Reader Logan is dispirited by Hollywood’s zeal to turn every toy and board game into a franchise.
No! Stop and re-assess. There are at least three options, but simply stealing the plot and characters isn’t one of them.
MakingOf has an interview up with me in which I talk a bit about my writing process, the challenge of adaptations, and why one’s career is often as much about the scripts you didn’t write.
Story lessons from Star Trek, from the mouths and minds of the writers.
You shouldn’t just answer questions. Get rid of them before they’re asked.
With an adapted screenplay, it’s not altogether obvious what awesomeness came from the screenwriter, and what came from the underlying material.
I might as well confirm the news: I’m writing a big-screen version of Preacher.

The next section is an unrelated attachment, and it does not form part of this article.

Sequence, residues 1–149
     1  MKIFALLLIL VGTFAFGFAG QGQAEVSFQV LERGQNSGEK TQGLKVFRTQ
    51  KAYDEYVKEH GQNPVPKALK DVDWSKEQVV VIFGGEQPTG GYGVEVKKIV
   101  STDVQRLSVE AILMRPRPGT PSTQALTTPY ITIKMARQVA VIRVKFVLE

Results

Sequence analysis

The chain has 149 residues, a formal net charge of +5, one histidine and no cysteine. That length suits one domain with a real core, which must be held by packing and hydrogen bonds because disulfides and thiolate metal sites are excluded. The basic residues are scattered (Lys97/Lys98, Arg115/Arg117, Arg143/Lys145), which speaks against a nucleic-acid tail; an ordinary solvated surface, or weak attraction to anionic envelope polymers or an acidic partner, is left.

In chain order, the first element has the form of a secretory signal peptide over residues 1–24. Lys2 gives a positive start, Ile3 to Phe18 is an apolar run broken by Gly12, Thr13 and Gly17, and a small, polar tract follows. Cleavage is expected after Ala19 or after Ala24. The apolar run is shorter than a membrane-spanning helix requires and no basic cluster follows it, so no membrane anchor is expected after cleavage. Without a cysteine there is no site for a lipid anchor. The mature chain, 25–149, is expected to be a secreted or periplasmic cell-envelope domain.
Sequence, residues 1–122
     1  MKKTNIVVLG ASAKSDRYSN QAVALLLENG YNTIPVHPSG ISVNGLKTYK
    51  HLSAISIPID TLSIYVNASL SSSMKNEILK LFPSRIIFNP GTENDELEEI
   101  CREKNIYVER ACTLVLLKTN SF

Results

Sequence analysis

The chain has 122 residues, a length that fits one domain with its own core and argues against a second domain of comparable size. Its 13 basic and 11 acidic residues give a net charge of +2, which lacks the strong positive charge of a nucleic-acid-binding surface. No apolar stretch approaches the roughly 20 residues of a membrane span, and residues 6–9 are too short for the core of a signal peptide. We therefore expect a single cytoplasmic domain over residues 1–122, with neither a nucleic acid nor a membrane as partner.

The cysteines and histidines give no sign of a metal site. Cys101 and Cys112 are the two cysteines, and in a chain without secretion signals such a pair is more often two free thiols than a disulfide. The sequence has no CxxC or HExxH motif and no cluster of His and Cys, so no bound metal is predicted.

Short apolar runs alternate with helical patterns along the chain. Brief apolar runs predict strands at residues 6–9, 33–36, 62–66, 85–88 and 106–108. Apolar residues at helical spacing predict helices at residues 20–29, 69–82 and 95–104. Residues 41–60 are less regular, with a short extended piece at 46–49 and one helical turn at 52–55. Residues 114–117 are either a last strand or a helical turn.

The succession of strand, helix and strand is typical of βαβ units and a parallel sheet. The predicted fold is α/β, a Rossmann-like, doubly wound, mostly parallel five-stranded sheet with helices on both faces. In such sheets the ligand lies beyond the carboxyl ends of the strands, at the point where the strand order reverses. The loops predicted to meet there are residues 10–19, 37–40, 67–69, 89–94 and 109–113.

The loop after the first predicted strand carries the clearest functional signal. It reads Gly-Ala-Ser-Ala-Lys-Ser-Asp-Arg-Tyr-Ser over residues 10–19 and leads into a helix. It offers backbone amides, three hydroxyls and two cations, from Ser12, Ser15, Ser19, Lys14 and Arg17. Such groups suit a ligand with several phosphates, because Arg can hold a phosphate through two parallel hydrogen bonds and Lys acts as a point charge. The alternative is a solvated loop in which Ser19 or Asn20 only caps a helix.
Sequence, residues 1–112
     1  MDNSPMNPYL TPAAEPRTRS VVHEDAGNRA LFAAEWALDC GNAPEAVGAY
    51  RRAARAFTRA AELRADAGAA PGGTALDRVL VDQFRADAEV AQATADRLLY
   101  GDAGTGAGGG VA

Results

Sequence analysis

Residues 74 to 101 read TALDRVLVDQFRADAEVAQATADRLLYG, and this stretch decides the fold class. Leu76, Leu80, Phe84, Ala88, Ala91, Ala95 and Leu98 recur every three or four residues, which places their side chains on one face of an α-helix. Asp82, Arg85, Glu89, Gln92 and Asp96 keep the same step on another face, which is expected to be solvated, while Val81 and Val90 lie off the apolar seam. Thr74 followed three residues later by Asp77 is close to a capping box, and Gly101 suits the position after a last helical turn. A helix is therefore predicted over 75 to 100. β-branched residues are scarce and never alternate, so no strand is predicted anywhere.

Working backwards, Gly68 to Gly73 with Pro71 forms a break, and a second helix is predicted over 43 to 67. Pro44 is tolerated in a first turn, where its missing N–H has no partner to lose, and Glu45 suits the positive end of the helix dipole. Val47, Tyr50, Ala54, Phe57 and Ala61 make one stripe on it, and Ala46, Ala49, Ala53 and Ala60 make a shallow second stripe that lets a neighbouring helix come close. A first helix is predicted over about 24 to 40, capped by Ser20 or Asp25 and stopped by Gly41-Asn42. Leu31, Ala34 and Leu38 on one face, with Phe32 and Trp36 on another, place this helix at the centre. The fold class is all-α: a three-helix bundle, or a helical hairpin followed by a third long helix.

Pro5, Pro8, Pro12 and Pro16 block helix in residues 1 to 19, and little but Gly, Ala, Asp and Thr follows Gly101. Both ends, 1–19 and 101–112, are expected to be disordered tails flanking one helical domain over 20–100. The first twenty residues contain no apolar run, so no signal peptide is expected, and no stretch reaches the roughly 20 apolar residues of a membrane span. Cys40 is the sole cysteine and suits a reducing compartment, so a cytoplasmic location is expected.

Let’s look at what we can learn from the first batch of summer movies.
If I’ve only read 38 on the list of 1001 “Books You Must Read Before You Die,” does that mean I’ll live a long time?
The story behind former assistant Rawson Thurber’s second feature.
Nine second answers to nine burning questions. Ready…go!
Not if it will get you read and your expectations are adjusted.
If you’re looking to put your story out into the world, paper beats film, hands down.
Easy steps to tracking down rights.
An author rails against his Hollywood adaptation.
Shall I compare thee to a Summer’s day or something?
Two stories of letting down a great script.
Where the adapted screenplay might reside in academia.
Let your story pick your format.
Why attorneys exist.
Turning book into movie: from acquiring rights to writing.
Books and movies should be compared, if only to understand what each does well.
I adapted a computer game into a movie and I didn’t feel a wee bit cheap.